If you’re used to dealing with Docker this doesn’t quite seem to fit the mold.  It’s apparent to me that the CNI plugin is responsible for the network end of the container, but it wasn’t initially clear to me how that was actually implemented.  So the next question might be, can I use CNI with Docker?  The answer is yes, but not as an all in one solution.  Docker has it’s own network plugin system called CNM.  CNM allows plugins to interact directly with Docker.  A CNM plugin can be registered to Docker and used directly from it.  That is, you can use Docker to run containers and directly assign their network to the CNM registered plugin.  This works well, but because Docker has CNM, they dont directly integrate with CNI (as far as I can tell).  That does not mean however, that you can’t use CNI with Docker.  Recall from the sixth bullet above that the plugin is responsible for wiring up the container.  So it seems possible that Docker could be the container runtime – but not handle the networking end of things (more on this in a future post).

At this point – I think its fair to start looking at what CNI actually does to try to get a better feel for how it fits into the picture.  Let’s look at a quick example of using one of the plugins.

Let’s start by downloading the pre-built CNI binaries…

Ok – let’s make sure we understand what we just did there.  We first created a directory called ‘cni’ to store the binaries in.  We then used the curl command to download the CNI release bundle.  When using curl to download a file we need to pass the ‘O’ parameter to tell curl to output to a file.  We also need to pass the ‘L’ parameter in this case to allow curl to follow redirects since the URL we’re downloading from is actually redirecting us elsewhere.  Once downloaded, we unpack the archive using the tar command.

After all of that we can see that we have a few new files.  For right now, let’s focus on the ‘bridge’ file which is the bridge plugin.  Bridge is one of the included plugins that ships with CNI.  It’s job, as you might have guessed, is to attach a container to a bridge interface.  So now that we have the plugins, how do we actually use them?  One of the earlier bullet points mentioned that network configuration is streamed into the plugin through STDIN.  So we know we need to use STDIN to get information about the network into the plugin but that’s not all the info the plugin needs.  The plugin also needs more information such as the action you wish to perform, the namespace you wish to work with, and other various information.  This information is passed to the plugin via environmental variables.  Confused?  No worries, let’s walk through an example.  Let’s first define a network configuration file we wish to use for our bridge…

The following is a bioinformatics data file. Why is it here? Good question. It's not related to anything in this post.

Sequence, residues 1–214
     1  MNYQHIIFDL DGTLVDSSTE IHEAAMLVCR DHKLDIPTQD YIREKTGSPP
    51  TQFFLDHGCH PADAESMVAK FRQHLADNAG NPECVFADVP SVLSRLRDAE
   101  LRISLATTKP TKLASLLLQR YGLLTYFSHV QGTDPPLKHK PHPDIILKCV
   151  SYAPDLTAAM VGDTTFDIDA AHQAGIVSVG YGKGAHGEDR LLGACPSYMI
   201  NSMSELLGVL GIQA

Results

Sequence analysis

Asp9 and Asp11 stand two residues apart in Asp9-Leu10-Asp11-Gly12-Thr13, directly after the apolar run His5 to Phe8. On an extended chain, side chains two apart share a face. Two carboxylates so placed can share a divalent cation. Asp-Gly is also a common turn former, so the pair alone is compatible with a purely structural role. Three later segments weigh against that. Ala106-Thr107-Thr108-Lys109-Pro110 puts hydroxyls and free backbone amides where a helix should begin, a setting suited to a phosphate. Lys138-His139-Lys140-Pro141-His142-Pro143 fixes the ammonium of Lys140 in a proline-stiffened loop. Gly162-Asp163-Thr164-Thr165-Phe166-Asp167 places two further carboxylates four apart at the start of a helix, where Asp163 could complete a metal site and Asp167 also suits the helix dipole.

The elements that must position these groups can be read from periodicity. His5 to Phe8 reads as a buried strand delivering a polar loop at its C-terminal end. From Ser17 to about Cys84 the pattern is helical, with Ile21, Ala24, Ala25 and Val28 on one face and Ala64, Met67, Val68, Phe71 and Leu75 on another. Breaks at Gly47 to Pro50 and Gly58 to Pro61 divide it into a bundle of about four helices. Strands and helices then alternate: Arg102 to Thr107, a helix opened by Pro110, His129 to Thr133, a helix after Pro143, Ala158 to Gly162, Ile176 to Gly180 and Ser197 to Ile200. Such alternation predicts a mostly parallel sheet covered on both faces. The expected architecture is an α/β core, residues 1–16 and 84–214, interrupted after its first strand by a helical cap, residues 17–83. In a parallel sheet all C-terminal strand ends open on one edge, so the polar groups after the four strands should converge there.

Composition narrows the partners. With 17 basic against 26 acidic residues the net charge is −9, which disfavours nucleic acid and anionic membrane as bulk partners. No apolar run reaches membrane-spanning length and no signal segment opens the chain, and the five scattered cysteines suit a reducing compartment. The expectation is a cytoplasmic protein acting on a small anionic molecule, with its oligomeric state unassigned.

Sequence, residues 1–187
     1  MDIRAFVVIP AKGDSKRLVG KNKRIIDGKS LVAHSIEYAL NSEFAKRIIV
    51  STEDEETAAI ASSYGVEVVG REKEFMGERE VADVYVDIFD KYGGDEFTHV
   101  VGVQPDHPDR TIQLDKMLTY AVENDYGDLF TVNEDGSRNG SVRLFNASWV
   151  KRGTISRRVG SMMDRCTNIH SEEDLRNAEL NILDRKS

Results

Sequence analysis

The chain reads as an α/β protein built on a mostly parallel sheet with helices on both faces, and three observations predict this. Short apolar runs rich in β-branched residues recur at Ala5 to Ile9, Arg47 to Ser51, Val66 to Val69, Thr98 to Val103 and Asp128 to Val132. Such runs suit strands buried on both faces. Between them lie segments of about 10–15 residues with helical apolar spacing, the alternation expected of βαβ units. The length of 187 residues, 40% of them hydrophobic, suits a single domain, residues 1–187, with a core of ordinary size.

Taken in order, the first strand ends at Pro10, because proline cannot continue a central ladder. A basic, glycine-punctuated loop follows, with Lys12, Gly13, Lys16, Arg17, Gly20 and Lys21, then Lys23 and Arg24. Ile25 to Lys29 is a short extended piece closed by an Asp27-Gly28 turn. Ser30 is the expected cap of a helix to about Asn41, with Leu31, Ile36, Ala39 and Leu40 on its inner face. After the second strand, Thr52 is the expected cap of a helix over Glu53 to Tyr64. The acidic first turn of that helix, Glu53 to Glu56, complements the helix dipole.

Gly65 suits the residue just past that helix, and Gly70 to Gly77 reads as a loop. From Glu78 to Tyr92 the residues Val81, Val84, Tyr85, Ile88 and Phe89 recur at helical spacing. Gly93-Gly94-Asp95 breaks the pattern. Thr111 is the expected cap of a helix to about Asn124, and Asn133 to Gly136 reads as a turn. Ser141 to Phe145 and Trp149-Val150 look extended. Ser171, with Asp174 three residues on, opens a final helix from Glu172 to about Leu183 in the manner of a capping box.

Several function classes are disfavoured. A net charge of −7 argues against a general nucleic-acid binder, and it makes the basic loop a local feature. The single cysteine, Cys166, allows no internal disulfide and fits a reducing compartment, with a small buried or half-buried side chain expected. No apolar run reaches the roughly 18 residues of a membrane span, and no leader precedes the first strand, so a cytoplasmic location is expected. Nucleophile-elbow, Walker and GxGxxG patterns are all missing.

Above we create a JSON definition for our bridge network.  There are some CNI generic definitions listed above as well as some specific to the bridge plugin itself.  Let’s walk through them one at a time.

CNI generic parameters

  • cniVersion: The version of the CNI spec in which the definition works with
  • name: The network name
  • type: The name of the plugin you wish to use.  In this case, the actual name of the plugin executable
  • args: Optional additional parameters
  • ipMasq: Configure outbound masquerade (source NAT) for this network
  • ipam:
    • type: The name of the IPAM plugin executable
    • subnet: The subnet to allocate out of (this is actually part of the IPAM plugin)
    • routes:
      • dst: The subnet you wish to reach
      • gw: The IP address of the next hop to reach the dst.  If not specified the default gateway for the subnet is assumed
  • dns:
    • nameservers: A list of nameservers you wish to use with this network
    • domain: The search domain to use for DNS requests
    • search: A list of search domains
    • options: A list of options to be passed to the receiver

Plugin (bridge) specific parameters

  • isgateway: If true, assigns an IP address to the bridge so containers connected to it may use it as a gateway.
  • isdefaultgateway: If true, sets the assigned IP address as the default route.
  • forceAddress: Tells the plugin to allocate a new IP address if the previous value has changed.
  • mtu: Define the MTU of the bridge.
  • hairpinMode: Set hairpin mode for the interfaces on the bridge

The items that are in bold above are the ones we’re using in this example.  You should play around with the others to get a feeling for how they work but most are fairly straight forward.  You’ll also note that one of the items is part of the IPAM plugin.  We arent going to cover those in this post (we will later!) but for now just know that we’re using multiple CNI plugins to make this work.